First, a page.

Here are three types of push hands exercises that are designed to get people to use their hip joints and encourage free play. They are all forms of what I now call “static hands” drills in that the hands/arms maintain the same contact point with the other person. Keeping these fixed hands positions intentionally limits any sort of parrying motions of the arms, and is a good indicator of/way to develop functional structure and root.
The first is a form of single hand push hands minus any major intent to push the other person back. The focus should be to roll around the person’s incoming force and get into a better position while staying grounded. Basically, we’re just practicing ward off/peng energy here.
The second is a static hands drill designed to teach people how to push someone out of their stance in response to pushes they received. For this drill to work it is important not to be too light with the hands or disconnect them at any time. We’re not practicing parrying here but learning to move the body while staying structured and rooted. This drill in particular seems to give people a good foundation for free play rather quickly. In fact, I’ve shown this drill to people who have had years of competitive push hands experience, and it was clear they could use this drill to improve as they had trouble with other less experiences than they were. There is little room for error. You can’t save yourself by using some flailing arm motion. You either have structure or you get pushed back.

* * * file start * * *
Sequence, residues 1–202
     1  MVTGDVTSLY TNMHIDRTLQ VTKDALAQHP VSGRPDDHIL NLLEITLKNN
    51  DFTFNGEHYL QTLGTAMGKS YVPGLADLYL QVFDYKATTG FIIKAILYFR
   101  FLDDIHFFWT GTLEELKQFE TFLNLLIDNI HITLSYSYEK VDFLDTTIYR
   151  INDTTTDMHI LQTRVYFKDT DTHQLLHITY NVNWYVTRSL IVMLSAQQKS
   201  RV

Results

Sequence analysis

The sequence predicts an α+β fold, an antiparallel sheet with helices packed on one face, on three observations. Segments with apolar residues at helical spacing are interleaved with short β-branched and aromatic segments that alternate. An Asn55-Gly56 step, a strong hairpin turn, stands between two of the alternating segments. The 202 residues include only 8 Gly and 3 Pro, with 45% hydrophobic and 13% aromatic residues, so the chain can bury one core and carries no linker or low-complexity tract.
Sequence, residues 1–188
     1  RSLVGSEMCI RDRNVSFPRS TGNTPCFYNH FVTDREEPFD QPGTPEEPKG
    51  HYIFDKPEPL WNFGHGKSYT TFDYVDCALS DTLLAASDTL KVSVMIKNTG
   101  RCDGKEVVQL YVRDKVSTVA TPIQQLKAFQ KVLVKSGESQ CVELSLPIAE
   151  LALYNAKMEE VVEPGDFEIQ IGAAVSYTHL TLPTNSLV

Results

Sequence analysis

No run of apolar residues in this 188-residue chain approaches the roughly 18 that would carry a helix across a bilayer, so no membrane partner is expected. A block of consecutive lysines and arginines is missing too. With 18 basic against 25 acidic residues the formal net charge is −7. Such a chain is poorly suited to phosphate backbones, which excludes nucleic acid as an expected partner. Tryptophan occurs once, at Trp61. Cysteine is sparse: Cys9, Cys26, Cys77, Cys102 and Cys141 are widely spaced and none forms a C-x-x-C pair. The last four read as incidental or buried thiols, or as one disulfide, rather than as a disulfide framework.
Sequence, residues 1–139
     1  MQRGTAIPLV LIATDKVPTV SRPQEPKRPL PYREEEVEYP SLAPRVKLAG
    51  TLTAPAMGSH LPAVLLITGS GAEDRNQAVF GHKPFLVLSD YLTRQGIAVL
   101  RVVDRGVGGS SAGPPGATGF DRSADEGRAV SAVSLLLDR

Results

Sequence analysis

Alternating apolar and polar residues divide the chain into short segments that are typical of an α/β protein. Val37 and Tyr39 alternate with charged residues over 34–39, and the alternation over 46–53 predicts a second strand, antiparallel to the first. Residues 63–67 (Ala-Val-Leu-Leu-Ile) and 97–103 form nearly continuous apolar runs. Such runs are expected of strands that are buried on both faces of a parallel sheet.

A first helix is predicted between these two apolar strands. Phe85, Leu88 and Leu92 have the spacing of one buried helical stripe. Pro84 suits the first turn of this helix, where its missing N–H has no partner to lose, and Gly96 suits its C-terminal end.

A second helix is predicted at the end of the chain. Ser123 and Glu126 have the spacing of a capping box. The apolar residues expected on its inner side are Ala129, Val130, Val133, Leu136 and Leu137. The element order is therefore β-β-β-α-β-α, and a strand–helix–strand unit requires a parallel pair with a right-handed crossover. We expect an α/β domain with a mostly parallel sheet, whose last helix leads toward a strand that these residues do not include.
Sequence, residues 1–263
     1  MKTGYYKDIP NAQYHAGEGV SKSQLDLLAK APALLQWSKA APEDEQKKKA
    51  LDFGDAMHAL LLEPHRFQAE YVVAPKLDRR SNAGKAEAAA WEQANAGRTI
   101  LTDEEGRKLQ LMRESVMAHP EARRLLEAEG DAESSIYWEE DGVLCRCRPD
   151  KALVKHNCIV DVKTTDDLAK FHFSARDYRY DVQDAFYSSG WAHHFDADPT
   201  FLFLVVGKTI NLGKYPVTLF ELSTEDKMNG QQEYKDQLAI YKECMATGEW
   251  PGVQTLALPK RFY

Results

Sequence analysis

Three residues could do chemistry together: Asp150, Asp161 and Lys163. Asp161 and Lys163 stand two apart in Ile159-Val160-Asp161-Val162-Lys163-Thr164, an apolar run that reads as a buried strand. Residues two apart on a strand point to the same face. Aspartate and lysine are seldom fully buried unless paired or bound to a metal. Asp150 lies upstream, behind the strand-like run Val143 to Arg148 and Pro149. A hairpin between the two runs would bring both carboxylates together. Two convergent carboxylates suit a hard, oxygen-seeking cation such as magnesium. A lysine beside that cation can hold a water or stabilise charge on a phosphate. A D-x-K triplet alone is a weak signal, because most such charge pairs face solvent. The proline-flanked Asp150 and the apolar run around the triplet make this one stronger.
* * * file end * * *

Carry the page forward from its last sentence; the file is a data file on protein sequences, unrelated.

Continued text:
The third static hands drill is an expansion of the second, using the starting hand position used in competition matches. Because the shoulder joint is freed up a little bit more, a couple more techniques can be used, e.g. rollback and elbow.
These drills are simple enough, I hope, for people who don’t have access to a teacher to try on their own. They can get the idea of what it’s like to play in Taijiquan, and build some foundation skills that would allow them to hold their own against people in many push hands meetup groups. They’re also nice to use when people from different schools used to different rules sets of free play want to find an easy way to practice together and not have to argue about rule sets. No teacher? No excuse. No Taoist philosophy? No problem. Grab a buddy and play!